Mankind's peril, he explains, results from knowledge of how to free the tremendous energy that binds atomic particles. Humanity can't escape that knowledge. Einstein's E EQUALS mc2 tells us what we get. The energy available in , say, a fleck of uranium dust is equal to its mass multiplied by the speed of light (186,000 miles per second) squared - power monstrously larger than anything humanity has known in the past. Einstein's was a discovery that ''altered the relationship between man and the source of his of life, the earth, '' Schell reminds us. The fruits of that discovery have been turned into weapons that might be resorted to in a moment of anger, confusion, or frustration of national aims.
The world's current nuclear stockpile, estimated at 17,000 to 20,000 megatons of explosive power, would produce a cumulative blast a million times as powerful as the one that destroyed Hiroshima, a city of 340,000, in a few seconds on an August morning 37 years ago.
The energy released in a nuclear blast, Schell explains, comes in four forms: (1) a thermal pulse that, among other things, melts glass and metal and exhausts the air's supply of oxygen; (2) an electromagnetic pulse that disrupts electric power and communications well beyond the blast area; (3) a blast wave that razes buildings and trees; (4) radiation that contaminates the environment, the food chain, and potentially the whole ecosphere.
What is known about the effects of these forces - and unfortunately our knowledge is far from complete - leads Schell to conclude that very few people on a targeted continent would survive the initial effects of a superpower's all-out attack; shelters or evacuation would be fruitless; anyone who lived through an all-out barrage by staying in a shelter would eventually emerge into a desert, in which everything flammable would have been consumed; such a person then would face the task of reinventing an economy at the basic level of growing one's own food and making one's clothing; finally, a survivor without protective gear would be unable to stay outside for more than 10 minutes at a time, because the atmosphere's ozone layer, depleted by oxides of nitrogen, would no longer screen out the fatal components of sunlight.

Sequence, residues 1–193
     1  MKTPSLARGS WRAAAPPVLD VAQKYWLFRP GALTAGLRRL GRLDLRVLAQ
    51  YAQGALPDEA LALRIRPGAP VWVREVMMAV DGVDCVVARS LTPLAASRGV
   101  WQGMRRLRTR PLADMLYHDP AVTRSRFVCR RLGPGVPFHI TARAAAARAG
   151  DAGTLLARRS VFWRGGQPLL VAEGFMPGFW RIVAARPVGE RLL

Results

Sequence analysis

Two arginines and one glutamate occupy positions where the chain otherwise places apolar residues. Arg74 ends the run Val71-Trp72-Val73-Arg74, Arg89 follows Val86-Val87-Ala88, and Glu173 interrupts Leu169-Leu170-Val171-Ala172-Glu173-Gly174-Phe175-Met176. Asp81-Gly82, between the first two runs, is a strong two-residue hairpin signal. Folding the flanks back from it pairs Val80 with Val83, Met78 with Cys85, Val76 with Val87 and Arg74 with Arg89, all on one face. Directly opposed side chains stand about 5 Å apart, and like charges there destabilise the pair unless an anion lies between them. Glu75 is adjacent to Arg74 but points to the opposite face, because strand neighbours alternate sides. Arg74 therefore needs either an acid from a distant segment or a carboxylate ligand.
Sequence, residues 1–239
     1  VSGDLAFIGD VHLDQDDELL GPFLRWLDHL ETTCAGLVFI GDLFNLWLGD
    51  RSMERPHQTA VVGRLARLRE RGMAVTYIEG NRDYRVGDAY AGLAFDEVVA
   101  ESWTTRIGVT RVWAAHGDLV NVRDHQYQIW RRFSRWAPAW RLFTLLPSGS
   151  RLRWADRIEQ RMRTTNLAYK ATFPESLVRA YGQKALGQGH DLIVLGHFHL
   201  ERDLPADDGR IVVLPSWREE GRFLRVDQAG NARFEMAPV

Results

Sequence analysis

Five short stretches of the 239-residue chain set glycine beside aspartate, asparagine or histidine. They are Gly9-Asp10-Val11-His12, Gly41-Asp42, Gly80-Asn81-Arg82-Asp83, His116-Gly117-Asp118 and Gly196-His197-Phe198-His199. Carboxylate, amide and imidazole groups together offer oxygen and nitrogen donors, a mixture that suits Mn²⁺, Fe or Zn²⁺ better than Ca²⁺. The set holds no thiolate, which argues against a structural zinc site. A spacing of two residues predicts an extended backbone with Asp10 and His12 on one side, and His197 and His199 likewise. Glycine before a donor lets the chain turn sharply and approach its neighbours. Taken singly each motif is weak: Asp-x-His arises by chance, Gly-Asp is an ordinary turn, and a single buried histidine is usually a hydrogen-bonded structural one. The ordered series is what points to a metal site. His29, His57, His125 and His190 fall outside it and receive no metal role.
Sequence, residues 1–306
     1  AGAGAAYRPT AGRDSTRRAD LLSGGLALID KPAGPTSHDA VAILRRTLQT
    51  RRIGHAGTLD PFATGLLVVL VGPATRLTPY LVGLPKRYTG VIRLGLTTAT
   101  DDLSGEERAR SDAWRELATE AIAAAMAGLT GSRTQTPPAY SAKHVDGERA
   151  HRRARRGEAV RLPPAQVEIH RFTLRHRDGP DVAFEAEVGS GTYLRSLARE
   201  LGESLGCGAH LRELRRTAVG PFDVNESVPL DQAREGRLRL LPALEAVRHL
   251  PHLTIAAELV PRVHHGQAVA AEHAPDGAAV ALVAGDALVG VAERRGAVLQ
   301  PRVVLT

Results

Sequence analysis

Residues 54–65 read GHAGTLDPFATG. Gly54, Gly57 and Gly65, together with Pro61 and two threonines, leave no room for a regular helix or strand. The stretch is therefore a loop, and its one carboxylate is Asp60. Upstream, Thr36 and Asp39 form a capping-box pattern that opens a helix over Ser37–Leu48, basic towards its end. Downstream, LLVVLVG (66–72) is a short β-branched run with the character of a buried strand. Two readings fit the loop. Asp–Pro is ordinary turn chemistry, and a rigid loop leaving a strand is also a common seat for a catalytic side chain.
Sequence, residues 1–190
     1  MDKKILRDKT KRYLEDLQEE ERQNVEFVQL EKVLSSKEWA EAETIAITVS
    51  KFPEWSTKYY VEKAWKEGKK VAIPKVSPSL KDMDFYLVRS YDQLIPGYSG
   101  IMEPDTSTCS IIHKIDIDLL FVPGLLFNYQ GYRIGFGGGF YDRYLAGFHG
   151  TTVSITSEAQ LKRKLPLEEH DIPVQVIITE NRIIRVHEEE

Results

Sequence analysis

Schell's ultimate conclusion is that a large-scale nuclear exchange could result in the extinction of mankind. Not all scientists would agree. A recent study of the National Academy of Sciences, for instance, says otherwise. In fact , no one knows for sure. But the consensus seems to be that significant use of the weapons on hand would certainly destroy civilization as we know it.
Part 2 of Schell's book deals with human values, the meaning of possible extinction, and the differences between a catastrophe like the Nazi Holocaust and the potential loss of the entire human species. Schell also considers the shadow cast by the nuclear threat on our daily lives.He notes that humanity has never been confronted with the possiblity that its actions could prevent future generations from being born. And he speculates on ways in which the nuclear threat may influence our family and political lives, our art, and our literature.
In Part 3, Schell examines the choices we face, if we're to lessen or remove the nuclear threat. He stops short of proposing any political solution of his own but suggests that the task of finding one needs to be put at the top of mankind's agenda.